“The Wizard of Oz” at London Palladium

Mark Shenton in the West End
7 July 2023

“Toto, we’re not in Kansas anymore,” Dorothy tells her dog, after a hurricane has blown them far away from home in The Wizard of Oz, a quest musical that sees them having to embark on a strenuous journey of discovery and recovery as they then seek to find their way home again. Along the way, they pick up a Scarecrow, a rusty Tin Man, and a Cowardly Lion, all of whom are on their own journeys to gain missing qualities to enable them to live fuller lives.


Jason Manford and Ashley Banjo.
Photo credit: Marc Brenner.


This ear-splittingly loud and eye-poppingly garish production is a brand-new take on the 2011 stage adaptation of the 1939 MGM film classic, best known still for the young Judy Garland’s yearning song “Over the Rainbow” that would become one of the all-time standards of the American songbook.

The original Harold Arlen/Yip Harburg songs from the film have been effectively, if not entirely seamlessly, augmented with new ones provided by Andrew Lloyd Webber and Tim Rice, reuniting for their first sustained collaboration since their slew of late sixties and seventies hits Joseph and the Amazing Technicolor Dreamcoat, Jesus Christ Superstar, and Evita.

Nikolai Foster’s new staging of The Wizard of Oz was first seen at Leicester’s Curve last Christmas, and is brisk, confident, and beautifully cast. At the centre of it all of course is the ruby-slippered Dorothy of Georgina Onuorah, who brings a pensive, vulnerable quality to her role but a fully confident vocal attack. She is beautifully supported by the talents of Jason Manford’s equally vulnerable Cowardly Lion, Ashley Banjo’s effortlessly comic Tin Man, and Louis Gaunt’s sublime physical elasticity as the Scarecrow. As ever, Gary Wilmot commands the stage in his brief appearance as the Wizard of Oz.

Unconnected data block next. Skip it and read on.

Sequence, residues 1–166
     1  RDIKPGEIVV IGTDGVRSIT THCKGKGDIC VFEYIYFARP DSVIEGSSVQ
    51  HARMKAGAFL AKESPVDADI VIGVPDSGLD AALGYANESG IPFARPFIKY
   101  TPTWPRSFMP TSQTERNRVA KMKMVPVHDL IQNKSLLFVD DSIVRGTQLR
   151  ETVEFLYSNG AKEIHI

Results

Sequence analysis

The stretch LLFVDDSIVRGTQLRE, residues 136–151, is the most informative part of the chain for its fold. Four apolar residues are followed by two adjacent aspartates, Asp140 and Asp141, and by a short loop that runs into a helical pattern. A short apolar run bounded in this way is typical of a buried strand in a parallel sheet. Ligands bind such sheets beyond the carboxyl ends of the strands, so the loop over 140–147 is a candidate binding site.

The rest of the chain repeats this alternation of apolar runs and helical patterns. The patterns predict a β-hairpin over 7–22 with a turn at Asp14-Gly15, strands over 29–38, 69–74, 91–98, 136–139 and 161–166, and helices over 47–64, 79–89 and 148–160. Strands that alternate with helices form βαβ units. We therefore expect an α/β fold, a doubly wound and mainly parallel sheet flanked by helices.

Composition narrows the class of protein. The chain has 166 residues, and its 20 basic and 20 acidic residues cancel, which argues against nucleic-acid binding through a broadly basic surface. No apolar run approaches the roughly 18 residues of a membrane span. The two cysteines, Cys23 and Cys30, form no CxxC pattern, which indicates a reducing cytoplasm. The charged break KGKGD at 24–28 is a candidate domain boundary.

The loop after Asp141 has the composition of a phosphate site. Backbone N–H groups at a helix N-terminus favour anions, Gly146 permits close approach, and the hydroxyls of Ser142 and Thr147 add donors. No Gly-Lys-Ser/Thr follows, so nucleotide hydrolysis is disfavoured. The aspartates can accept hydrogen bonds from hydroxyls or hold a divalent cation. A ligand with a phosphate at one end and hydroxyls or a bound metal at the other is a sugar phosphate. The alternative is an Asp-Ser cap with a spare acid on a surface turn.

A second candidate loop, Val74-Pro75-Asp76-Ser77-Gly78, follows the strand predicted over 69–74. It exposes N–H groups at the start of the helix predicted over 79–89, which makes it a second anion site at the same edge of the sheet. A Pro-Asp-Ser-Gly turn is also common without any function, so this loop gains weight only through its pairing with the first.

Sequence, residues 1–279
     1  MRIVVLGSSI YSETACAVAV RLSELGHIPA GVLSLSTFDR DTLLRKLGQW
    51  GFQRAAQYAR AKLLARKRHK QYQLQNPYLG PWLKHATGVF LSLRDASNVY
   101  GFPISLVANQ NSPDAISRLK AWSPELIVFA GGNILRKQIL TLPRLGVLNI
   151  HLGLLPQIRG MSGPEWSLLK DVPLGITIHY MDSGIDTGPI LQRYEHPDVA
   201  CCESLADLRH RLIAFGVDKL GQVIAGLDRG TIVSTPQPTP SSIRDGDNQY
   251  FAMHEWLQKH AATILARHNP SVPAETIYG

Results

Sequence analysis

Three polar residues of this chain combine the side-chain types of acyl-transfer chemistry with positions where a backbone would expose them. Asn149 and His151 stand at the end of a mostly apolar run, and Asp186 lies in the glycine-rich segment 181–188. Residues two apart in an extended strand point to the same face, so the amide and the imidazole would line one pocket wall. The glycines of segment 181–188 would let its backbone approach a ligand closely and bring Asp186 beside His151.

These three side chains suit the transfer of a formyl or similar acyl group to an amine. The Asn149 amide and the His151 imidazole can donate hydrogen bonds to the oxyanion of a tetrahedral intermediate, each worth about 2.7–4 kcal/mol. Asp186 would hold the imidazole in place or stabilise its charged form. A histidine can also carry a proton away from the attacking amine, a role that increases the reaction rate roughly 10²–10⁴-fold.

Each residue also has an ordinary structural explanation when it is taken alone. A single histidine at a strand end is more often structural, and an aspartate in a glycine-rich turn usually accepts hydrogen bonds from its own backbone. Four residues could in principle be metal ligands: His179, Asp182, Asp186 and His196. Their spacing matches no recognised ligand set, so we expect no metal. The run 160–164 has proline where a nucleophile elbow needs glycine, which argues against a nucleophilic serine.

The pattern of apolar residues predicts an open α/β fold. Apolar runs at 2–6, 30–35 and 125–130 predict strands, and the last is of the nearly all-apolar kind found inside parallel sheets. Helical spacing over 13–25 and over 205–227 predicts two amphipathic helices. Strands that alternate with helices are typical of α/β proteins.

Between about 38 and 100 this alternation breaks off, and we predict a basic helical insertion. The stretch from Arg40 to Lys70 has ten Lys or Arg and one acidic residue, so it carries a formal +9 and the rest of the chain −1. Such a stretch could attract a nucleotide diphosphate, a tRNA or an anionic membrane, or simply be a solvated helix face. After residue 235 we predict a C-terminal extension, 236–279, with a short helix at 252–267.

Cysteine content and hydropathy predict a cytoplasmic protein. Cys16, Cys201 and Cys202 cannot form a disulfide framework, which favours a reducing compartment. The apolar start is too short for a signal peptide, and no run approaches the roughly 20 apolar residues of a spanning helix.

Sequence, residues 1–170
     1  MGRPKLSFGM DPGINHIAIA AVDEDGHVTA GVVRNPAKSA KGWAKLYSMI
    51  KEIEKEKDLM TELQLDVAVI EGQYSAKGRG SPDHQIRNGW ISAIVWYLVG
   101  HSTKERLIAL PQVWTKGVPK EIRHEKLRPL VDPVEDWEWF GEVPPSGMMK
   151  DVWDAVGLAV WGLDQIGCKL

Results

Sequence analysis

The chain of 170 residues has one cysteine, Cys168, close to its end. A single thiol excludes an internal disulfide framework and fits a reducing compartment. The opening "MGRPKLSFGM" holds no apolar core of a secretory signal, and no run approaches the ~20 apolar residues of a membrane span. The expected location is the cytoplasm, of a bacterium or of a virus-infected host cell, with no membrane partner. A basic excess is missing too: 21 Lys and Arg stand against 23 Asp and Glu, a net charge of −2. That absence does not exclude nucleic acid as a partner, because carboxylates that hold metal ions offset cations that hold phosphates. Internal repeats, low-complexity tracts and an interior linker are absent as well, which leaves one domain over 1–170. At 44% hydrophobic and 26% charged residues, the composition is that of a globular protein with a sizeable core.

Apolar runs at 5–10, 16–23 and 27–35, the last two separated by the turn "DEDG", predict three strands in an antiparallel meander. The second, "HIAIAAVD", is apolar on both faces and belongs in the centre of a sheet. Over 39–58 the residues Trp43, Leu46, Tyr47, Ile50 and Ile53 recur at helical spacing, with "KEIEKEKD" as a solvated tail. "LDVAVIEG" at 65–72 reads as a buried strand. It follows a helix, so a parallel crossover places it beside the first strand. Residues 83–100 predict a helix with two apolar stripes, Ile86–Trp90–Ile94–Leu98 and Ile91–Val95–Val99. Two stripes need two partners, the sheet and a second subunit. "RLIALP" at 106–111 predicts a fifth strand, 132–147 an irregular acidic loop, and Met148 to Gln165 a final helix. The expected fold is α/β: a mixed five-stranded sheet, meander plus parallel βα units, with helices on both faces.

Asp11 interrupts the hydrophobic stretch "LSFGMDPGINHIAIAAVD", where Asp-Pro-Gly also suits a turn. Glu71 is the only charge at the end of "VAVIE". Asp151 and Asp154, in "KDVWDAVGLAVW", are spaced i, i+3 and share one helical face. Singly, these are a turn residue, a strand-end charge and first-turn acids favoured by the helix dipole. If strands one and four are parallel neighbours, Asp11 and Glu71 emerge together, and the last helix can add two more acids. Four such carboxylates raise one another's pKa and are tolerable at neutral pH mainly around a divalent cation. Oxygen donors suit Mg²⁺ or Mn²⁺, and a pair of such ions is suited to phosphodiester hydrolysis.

Jacqui Dubois and Geoffrey Aymer.
Photo credit: Marc Brenner.


They are joined by show-stealing Dianne Pilkington as the Wicked Witch of the West (swapping out of the role of Glinda the Good Witch of the North, which she’s played in the long-running West End hit Wicked that’s inspired by The Wizard of Oz) and the thrillingly trilling Christina Bianco as Glinda.

It’s not just the casting of Palladium panto stalwarts Wilmot, Banjo, and Gaunt that reminds one so obviously of the venue’s now annually revived Christmas tradition (whose headline star Julian Clary was seated across the aisle from me on the first night). It’s also the design aesthetic, which foregrounds blinding light displays (Ben Cracknell), giant video projections (Douglas O’Connell), and amped-up sound (Adam Fisher) complementing the somewhat perfunctory physical sets by Colin Richmond. These feature four moving platforms that join together to make the Yellow Brick Road on which they journey to the neon approximation of Times Square, where billboards include shows called “The Phantom of Oz” and “The Lahr King” (a nice reference to Bert Lahr, who originally played the cowardly lion in the film).

It’s sometimes more panto than musical, but as a summer stock(ing) filler for the Palladium, it fits the bill.


The ensemble.
Photo credit: Marc Brenner.